Thursday April 18, 2013 – Thursday April 18, 2013
113 Harbor Way, Suite 190
by Ken McAlpine
Where: Santa Barbara Maritime Museum, 113 Harbor Way, Santa Barbara, California
What: A look at our fast paced times through the lens of our lovely Channel Islands
When: Thursday, April 18, 2013 at 7 pm
Members only Reception at 6:15 pm
Cost: Free (members), $5 (non-members).
To Register: Go to www.sbmm.org or call (805) 962-8404 x115
(please register for tickets early to guarantee admittance)
Author Ken McAlpine stands in his front yard one night in Ventura, California, trying to see the stars. His view is diminished by light pollution, making it hard to see much of anything in the sky. Our fast-paced, technologically advanced society, he concludes, is not conducive to stargazing or soul-searching. Taking a page from Thoreau’s Walden, he decides to get away from the clamor of everyday life, journeying alone through California’s Channel Islands National Park. There, he imagines, he might be able to “breathe slowly and think clearly, to examine how we live and what we live for.”
Islands Apart: A Year on the Edge of Civilization is a humorous and wise look at contemporary American life—and how time spent alone in nature can give us a fresh perspective and greater clarity about what matters most.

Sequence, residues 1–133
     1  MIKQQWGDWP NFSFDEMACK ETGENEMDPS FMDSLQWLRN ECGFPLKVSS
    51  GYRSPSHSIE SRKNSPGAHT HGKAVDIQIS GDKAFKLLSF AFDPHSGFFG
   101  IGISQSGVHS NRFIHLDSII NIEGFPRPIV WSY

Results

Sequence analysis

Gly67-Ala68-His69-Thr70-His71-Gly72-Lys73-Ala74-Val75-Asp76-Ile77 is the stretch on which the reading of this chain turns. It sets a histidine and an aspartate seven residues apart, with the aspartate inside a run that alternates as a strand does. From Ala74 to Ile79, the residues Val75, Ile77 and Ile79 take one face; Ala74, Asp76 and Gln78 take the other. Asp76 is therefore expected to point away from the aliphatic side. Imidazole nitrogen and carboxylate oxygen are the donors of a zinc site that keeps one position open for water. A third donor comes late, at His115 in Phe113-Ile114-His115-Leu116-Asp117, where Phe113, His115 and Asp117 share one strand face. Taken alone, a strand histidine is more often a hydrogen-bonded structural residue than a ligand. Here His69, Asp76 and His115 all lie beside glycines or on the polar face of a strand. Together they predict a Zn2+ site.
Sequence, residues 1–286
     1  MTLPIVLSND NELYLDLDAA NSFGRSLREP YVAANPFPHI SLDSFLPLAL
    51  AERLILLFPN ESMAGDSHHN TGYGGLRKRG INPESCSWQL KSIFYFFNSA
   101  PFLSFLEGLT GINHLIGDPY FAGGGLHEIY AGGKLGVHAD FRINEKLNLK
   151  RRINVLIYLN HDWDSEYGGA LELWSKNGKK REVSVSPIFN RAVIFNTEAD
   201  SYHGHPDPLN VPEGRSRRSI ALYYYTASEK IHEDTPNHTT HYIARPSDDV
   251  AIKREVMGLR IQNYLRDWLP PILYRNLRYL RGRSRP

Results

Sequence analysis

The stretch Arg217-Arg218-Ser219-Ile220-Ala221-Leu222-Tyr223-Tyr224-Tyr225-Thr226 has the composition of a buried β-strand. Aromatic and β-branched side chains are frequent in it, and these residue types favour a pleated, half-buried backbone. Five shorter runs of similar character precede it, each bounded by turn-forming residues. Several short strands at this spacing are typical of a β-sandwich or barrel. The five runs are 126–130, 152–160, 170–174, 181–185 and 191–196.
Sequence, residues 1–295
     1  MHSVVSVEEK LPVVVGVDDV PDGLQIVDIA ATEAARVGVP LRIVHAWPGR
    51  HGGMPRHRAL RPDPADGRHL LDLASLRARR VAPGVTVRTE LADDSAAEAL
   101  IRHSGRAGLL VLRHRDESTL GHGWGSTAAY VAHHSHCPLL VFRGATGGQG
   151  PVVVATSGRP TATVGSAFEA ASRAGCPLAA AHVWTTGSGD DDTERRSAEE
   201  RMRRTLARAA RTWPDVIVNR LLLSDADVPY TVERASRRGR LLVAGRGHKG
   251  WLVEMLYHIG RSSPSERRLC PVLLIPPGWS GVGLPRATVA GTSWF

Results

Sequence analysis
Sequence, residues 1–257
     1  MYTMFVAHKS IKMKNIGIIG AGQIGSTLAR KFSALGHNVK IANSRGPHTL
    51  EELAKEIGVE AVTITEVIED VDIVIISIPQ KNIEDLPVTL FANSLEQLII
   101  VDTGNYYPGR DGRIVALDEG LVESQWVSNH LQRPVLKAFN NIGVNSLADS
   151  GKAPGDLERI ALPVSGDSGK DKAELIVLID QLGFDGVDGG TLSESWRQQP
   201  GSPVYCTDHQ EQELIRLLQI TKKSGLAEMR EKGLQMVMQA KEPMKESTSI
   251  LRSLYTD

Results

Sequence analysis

In between his week-long solo trips through these pristine islands, McAlpine reaches out to try to better understand his fellow man: he eats lunch with the homeless in Beverly Hills, sits in the desert with a 98-year-old Benedictine monk, and befriends a sidewalk celebrity impersonator in Hollywood. What he discovers about himself and the world we live in will inspire anyone who wishes they had the time to slow down and notice the wonders of nature and humanity. McAlpine, notes American Way Magazine, is “a humorous and humble guide who takes his contemplation of our busy world into unexpected places.” .
Author Bio: Award-winning writer Ken McAlpine is the author of four books. His just released novel Together We Jump was praised by Sunset Magazine as “lyrical, evocative and deeply moving… a luminous American novel”, and by the Los Angeles Review as “a poetic roller coaster ride through the mind and soul… rendered with eerily realistic plot and dialogue”. His novel Fog, an eerie maritime mystery that unfolds on the wreck-strewn coast of Cape Cod in 1882, was described by a reviewer as “one of the most intelligent, richly detailed, deeply felt and evocative novels I’ve read.” His first book, the non-fiction work Off Season: Discovering America on Winter’s Shore, was a Barnes and Noble Discover Great New Writers selection. His follow-up non-fiction book Islands Apart: A Year on the Edge of Civilization was called “a rumination on what it means to be human.” McAlpine’s magazine articles have earned three Lowell Thomas awards, travel writing’s top award. More important to him, assignments from magazines ranging from National Geographic Traveler to Sunset, have provided him unbridled opportunity for play; from diving with white sharks, to running the Inca trail to Machu Picchu, to sparring with the world shoot fighting champion (you cannot learn a martial art in a week).Most important, Ken lives in Ventura with his beautiful wife Kathy and their two sons. He likes to stand in his yard at night looking at the stars, but he does not like to spend any time during the day doing yard work.